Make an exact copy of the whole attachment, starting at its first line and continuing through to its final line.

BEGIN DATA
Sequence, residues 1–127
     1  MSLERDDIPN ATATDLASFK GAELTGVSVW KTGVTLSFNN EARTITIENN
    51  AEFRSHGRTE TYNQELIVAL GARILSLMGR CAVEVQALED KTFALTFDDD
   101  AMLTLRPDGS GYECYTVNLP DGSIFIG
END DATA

Sequence, residues 1–127
     1  MSLERDDIPN ATATDLASFK GAELTGVSVW KTGVTLSFNN EARTITIENN
    51  AEFRSHGRTE TYNQELIVAL GARILSLMGR CAVEVQALED KTFALTFDDD
   101  AMLTLRPDGS GYECYTVNLP DGSIFIG